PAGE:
About 80,000 years ago in East Africa, some human populations began to expand rapidly at the expense of others. This process culminated in a massive expansion that started spreading to other continents some time after 60,000 BP (Watson et al., 1997).
This population expanded at the expense of more archaic humans. In Europe at least, there was initially some sort of cultural contact between the two groups, perhaps trade. But the modus vivendi did not last. All of the archaic humans went extinct and now exist only in bone fragments. They lost out in the struggle for existence.
In recent years, researchers have breathed new life into these old bones by retrieving mtDNA and even nuclear DNA from them. This retrieval is well under way with respect to the European Neanderthals. We should soon have a full reconstruction of their genome and, eventually, a good idea of what they looked like and perhaps how they felt and thought.
For now, this new research tool is being used to trace the geographic range of the Neanderthals. We have long known that they lived as far east as Central Asia. Recently, their mtDNA was found in human remains from the Altai Mountains of southern Siberia. Some paleontologists then suggested that all archaic humans across Eurasia would turn out to be Neanderthals of one sort or another.
Now, things no longer look so simple. When Krause et al. (2010) examined a bone fragment from another site in the Altai Mountains, only 100 km farther away, the mtDNA revealed a very different kind of archaic human—genetically almost twice as far from modern humans as the Neanderthals were.
This is puzzling, to say the least. Three kinds of humans—Homo sapiens, Homo neanderthalensis, and now Homo altaiensis (?)—apparently lived within the same geographic area roughly 30,000 to 50,000 years ago. As a rule, three closely related species can co-exist only if they inhabit different ecological niches. Otherwise, one of them will eventually push out the others.
The puzzle may be more apparent than real. Although southern Siberia has yielded evidence of Upper Paleolithic technology up to 40,000 years old, the oldest remains of modern humans date only to a little over 20,000 years ago (Goebel, 1999). We know that some European Neanderthals acquired technological innovations through their initial contacts with modern humans (Hoffecker, 2002, pp. 64, 66, 143, 159, 161-162, 171, 190). Perhaps these innovations spread from the contact zone in Europe to Neanderthals as far away as Siberia.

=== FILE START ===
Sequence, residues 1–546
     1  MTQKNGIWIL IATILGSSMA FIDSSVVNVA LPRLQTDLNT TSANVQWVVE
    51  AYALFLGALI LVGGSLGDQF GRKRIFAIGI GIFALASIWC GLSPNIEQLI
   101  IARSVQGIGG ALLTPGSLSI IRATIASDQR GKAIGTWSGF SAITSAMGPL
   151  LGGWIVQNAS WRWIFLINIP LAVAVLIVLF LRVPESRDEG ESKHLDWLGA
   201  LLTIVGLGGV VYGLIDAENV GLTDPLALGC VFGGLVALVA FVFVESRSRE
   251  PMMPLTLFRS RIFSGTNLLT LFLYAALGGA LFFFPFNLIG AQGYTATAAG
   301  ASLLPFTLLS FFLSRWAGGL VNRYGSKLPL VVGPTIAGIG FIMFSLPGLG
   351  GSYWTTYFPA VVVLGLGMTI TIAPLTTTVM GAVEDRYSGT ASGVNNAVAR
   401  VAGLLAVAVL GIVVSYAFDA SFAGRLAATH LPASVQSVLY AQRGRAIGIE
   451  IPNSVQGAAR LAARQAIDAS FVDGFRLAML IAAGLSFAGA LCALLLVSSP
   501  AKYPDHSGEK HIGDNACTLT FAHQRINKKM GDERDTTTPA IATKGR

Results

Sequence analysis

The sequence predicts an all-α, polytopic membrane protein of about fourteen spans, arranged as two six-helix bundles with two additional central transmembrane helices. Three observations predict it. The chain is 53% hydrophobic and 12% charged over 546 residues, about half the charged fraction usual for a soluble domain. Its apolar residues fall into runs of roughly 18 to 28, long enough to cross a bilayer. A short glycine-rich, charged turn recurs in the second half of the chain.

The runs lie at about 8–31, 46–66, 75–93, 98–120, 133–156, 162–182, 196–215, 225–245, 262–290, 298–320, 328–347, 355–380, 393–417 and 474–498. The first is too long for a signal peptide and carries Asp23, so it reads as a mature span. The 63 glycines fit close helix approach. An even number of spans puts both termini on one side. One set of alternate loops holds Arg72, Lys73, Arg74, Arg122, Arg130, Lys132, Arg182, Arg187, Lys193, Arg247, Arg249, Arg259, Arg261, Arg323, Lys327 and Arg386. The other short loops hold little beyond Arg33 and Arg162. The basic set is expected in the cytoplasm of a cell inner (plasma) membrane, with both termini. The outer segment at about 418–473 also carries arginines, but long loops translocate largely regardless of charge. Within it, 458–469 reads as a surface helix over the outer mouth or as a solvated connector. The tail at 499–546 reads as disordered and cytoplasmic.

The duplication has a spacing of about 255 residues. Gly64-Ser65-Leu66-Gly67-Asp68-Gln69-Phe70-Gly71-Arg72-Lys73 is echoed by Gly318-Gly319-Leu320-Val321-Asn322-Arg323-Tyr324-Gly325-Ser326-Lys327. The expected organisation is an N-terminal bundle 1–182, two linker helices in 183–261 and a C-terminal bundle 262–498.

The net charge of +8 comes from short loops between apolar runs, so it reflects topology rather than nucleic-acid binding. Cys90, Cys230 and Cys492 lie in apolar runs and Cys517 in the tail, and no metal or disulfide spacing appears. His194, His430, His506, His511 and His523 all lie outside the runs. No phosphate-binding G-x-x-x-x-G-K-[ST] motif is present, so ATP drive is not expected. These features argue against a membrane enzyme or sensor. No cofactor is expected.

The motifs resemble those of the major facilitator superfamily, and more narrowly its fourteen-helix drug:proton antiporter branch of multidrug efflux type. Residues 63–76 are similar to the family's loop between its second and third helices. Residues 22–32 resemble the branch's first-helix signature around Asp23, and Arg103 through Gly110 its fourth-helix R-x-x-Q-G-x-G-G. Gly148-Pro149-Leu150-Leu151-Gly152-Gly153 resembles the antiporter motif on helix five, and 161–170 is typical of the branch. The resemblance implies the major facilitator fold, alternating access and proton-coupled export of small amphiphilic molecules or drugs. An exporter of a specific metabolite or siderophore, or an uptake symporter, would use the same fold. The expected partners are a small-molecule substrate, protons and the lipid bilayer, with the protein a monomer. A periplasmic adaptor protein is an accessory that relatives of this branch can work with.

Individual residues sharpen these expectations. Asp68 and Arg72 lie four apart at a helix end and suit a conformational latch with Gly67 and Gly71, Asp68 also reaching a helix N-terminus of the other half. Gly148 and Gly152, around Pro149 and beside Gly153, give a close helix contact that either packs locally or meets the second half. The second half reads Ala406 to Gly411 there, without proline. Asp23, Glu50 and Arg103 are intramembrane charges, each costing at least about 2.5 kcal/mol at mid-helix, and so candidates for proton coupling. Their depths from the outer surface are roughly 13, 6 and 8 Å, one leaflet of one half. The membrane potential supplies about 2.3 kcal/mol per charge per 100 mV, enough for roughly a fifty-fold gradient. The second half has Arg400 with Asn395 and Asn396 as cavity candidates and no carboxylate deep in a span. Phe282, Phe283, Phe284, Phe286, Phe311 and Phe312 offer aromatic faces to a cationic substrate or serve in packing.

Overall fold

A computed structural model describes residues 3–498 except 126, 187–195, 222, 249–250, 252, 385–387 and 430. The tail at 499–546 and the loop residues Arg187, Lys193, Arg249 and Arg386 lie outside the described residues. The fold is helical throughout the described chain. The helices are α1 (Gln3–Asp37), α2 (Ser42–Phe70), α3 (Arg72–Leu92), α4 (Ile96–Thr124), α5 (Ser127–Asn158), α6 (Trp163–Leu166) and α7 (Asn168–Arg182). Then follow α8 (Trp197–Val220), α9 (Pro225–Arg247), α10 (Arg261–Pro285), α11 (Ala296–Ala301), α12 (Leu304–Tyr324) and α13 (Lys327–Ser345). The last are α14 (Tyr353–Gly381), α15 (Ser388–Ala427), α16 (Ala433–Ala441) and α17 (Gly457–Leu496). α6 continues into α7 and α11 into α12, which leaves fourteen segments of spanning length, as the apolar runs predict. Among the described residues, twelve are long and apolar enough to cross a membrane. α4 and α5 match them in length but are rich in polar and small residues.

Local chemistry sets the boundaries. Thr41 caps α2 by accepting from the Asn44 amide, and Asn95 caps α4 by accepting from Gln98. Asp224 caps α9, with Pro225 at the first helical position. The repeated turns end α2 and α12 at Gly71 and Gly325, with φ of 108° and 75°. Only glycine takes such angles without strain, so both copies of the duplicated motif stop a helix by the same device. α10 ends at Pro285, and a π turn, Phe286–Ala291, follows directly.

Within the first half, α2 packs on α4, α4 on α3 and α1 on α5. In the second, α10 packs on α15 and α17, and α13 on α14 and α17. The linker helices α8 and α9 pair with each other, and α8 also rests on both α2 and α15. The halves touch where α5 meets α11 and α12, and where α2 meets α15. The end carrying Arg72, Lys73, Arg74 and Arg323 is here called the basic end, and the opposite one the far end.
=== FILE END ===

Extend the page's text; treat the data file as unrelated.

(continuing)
This still leaves us with a ménage à deux. Or perhaps the recent Altai find was just another kind of Neanderthal. John Hawks (2010) suggests that Siberia may have been a more genetically diverse area within the Neanderthal range. We see a similar situation in modern humans: our gene pool is much more diverse in sub-Saharan Africa than elsewhere, with the result that many mtDNA variants are unique to that continent.
(Off-topic: Keep in mind that most of this genetic diversity is useless. We’re talking about diversity in genes of little or no selective importance. If we look only at genes that have strong real-world effects, there should not be more genetic diversity in one geographic area than in another—unless something in the real world, like selection or intermixture, has been driving that diversity).
But why would Siberian Neanderthals be more genetically diverse than their European cousins? If we look at modern humans, we see that Africans have a high level of genetic diversity because they have stayed longer in one place than all other modern humans. In contrast, Europeans and Asians descend from smaller and more recent founder groups that budded off and left Africa, thereby taking only a fraction of the total genetic variability with them.